auxin


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auxin

(awk′sĭn) [Gr. auxe, increase]
A substance that promotes growth in plant cells and tissues.

auxin

a type of plant growth-regulating substance involved in the growth of cells and several other functions. The most important auxin is indolacetic acid (IAA; see Fig. 194 ), but many other substances have been classified as auxins, using a BIO-ASSAY method developed by Fritz WENT.

The effects of auxins depend on their concentration in the plant. They are most concentrated at the shoot tip and least concentrated in the root, except for small amounts at the root tip. The major effects of auxin are summarized below:

  1. Encourages cell growth by elongation, producing a softening of the MIDDLE LAMELLAE of cell walls.
  2. Stimulates cell division in the PHLOEM of the VASCULAR BUNDLES, so encouraging new growth.
  3. Promotes positive PHOTOTROPISM in shoots by growth of tissues towards the light source.
  4. Promotes GEOTROPISM in all parts of the plant (positive in roots, negative in shoots, due to unequal distributions of the hormone).
  5. Induces APICAL DOMINANCE by suppressing lateral buds.
  6. Induces lateral root formation.
  7. Stimulates fruit development, enabling seedless fruits to be produced artificially. (h) Suppresses ABSCISSION in leaves and fruit. (i) Encourages the formation of wound tissues in injured or diseased plants.

    Auxins have a number of commercial uses, e.g. to promote the rooting of cuttings, regulate plant height, induce flower formation and control fruit set and fruit drop.

auxin

plant hormone.
References in periodicals archive ?
The effect of auxins and cytokinins and their combinations on callus fresh and dry weight indicated that kin concentration outweighs the 2,4-D in the medium.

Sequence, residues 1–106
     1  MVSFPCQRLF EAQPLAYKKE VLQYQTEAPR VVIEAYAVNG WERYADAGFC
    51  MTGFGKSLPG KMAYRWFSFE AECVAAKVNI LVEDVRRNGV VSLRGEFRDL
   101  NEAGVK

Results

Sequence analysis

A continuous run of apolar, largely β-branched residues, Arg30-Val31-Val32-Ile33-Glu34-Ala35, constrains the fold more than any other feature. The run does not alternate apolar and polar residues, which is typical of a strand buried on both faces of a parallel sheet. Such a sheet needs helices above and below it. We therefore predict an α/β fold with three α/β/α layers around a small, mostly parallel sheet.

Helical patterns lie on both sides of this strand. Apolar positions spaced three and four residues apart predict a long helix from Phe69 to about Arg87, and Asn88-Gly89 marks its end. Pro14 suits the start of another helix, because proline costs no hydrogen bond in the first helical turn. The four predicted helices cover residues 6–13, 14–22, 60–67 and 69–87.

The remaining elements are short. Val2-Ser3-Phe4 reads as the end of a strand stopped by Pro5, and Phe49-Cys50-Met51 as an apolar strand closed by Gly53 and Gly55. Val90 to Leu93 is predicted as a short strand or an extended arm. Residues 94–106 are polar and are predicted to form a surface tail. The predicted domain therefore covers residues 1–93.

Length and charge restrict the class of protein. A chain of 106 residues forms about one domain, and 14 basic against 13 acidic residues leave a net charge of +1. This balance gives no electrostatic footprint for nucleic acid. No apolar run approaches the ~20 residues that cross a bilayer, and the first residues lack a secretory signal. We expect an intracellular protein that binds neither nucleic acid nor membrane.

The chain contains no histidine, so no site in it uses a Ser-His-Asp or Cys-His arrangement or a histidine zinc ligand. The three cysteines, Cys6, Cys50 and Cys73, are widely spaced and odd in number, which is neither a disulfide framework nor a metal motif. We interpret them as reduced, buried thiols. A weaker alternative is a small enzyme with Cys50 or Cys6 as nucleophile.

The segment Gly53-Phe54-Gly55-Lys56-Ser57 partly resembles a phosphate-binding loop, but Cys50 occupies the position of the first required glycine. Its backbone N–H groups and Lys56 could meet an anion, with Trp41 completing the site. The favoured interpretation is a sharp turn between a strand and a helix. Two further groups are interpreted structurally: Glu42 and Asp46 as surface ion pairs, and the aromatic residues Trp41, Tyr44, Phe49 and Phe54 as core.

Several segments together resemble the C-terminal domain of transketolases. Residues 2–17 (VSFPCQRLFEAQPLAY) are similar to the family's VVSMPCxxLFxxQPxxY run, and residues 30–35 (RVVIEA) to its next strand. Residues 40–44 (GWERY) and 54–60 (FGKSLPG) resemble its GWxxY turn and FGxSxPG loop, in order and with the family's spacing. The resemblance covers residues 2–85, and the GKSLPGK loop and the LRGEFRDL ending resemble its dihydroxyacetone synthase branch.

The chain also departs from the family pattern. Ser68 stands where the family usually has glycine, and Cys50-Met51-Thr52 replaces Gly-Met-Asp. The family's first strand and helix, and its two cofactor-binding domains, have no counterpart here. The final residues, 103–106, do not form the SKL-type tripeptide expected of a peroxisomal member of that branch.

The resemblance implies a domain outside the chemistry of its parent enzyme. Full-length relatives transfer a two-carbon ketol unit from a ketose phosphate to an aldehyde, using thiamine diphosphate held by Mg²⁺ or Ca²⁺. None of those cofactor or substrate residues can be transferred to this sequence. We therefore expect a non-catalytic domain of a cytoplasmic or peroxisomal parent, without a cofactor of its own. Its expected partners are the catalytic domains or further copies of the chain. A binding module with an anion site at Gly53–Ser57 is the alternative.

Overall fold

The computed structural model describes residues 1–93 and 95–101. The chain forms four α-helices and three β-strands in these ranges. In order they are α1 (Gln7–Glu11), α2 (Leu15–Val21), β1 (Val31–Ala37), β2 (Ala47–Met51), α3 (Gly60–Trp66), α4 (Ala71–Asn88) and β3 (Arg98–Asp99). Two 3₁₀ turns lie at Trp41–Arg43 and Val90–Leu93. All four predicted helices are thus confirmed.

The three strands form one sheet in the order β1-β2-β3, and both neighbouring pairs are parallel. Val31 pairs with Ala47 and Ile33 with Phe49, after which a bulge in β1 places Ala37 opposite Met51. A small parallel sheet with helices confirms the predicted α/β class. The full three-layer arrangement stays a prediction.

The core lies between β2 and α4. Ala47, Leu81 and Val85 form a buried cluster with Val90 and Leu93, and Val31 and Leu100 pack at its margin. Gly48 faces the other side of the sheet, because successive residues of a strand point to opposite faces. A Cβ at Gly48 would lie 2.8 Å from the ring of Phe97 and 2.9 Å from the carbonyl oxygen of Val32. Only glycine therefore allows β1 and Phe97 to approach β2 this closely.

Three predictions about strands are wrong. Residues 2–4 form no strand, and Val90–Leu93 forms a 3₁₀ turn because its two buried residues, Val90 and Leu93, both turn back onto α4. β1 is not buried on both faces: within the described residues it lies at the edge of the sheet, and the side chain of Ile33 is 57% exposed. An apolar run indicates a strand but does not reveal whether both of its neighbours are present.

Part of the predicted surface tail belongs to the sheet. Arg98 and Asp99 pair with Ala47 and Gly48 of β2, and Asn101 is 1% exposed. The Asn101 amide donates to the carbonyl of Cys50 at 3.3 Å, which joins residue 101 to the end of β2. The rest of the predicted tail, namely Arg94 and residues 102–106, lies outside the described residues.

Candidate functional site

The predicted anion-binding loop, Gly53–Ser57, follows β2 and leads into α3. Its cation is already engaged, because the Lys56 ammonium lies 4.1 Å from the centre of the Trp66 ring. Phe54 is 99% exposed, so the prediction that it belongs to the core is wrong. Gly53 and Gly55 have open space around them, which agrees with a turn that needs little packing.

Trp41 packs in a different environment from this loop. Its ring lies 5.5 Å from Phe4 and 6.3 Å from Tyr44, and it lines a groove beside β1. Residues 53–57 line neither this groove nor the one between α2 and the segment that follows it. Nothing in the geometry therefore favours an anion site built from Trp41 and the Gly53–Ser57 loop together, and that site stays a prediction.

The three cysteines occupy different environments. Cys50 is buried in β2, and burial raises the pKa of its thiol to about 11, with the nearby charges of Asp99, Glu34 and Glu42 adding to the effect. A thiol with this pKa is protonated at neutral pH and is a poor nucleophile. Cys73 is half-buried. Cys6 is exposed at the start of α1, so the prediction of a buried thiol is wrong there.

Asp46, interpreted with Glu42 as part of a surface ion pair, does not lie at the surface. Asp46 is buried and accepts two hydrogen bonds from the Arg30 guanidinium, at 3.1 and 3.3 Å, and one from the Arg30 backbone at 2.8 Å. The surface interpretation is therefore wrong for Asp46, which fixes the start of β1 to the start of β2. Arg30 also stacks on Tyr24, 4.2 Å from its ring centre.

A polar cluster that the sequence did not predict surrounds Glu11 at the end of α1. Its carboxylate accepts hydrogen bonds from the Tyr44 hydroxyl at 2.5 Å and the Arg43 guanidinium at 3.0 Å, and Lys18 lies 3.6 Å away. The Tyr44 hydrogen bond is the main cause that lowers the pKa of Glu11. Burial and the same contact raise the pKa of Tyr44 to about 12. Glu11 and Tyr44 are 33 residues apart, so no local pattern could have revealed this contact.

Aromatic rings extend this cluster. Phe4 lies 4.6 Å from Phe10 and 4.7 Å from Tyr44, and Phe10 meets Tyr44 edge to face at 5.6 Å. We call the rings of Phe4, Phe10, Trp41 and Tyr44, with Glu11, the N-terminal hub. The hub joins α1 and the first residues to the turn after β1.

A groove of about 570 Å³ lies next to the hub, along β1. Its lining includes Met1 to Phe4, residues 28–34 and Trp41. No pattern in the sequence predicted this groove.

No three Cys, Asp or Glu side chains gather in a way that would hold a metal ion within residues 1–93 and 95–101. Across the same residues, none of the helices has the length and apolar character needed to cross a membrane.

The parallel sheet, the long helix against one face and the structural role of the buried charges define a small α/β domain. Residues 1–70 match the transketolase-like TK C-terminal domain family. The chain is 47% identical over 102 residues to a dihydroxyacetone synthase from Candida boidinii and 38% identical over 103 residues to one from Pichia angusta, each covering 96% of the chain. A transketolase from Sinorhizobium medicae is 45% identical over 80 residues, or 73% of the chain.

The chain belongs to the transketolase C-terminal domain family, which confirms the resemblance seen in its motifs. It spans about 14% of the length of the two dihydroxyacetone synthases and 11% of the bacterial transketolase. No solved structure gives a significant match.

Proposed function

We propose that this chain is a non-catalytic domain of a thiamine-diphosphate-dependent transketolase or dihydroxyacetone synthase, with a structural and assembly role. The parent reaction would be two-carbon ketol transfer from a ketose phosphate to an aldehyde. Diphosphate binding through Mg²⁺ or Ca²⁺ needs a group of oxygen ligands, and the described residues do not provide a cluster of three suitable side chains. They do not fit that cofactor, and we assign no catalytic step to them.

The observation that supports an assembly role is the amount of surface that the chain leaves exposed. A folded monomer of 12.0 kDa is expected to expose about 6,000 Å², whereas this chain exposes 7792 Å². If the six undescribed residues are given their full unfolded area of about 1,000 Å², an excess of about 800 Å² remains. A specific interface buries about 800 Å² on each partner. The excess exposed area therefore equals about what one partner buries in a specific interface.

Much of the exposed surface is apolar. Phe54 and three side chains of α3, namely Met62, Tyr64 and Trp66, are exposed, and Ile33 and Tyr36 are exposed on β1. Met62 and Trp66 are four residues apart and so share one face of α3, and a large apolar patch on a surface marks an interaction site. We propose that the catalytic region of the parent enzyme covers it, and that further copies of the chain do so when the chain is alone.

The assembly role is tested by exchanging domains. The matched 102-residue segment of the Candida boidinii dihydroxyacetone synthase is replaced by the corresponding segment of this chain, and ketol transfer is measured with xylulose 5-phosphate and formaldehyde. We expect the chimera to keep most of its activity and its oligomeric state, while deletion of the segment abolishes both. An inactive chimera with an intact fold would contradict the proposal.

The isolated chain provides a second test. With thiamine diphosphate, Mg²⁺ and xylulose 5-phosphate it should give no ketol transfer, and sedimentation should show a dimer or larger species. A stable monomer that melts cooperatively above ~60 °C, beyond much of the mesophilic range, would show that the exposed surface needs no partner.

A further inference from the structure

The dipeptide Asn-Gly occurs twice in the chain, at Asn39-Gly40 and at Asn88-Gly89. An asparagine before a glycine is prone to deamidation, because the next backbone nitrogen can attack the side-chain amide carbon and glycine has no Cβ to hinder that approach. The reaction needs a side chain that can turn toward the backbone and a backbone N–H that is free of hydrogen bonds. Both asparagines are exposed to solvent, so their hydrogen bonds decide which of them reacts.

Sixty bacterial isolates showing growth and having different morphological appearance (colony shape, colony lustre, shape of boundary, colony size) on agar medium were selected and further used for studying auxin biosynthesis in vitro.
Estelle maintains that identifying these proteins is important because "understanding how auxin works may allow us to manipulate plant growth in desirable ways.
If we can determine how auxin is made in a plant, then we can change the concentration, or level.
These pathways have been studied and most of the components that transmit the signal from perception site to chromatin have been identified for the major plant hormones, such as auxin, gibberellins, cytokinins, ethylene, and abscisic acid as well as for brassionosteroids, jasmonic and salicylic acid (Santner & Estelle, 2009, Wang & Irving, 2011).
The most important proteins in this process are the export proteins known as "PINs," which regulate the direction of the auxin flow.
Effect of ethanol, methanol and acetone on rooting etiolated cuttings of Vigna radiata in presence of sucrose and auxin.
Physical Indicators of Barium Titanate Products of Auxin Technology
25] Prokryl Z, Vancura V and M Wurst Auxin formation by rhizosphere bacteria as a factor of root growth.
We already knew that auxin is made in the leaves and travels to the stem to stimulate growth," said Chory.
Here biologists in various specialties report on recent findings regarding the control of auxin synthesis and transport, mechanisms of cellular responses, auxin-dependent plant growth and development, and signal integration.
Good growth of calluses were seen when the concentrations of both the auxins were high.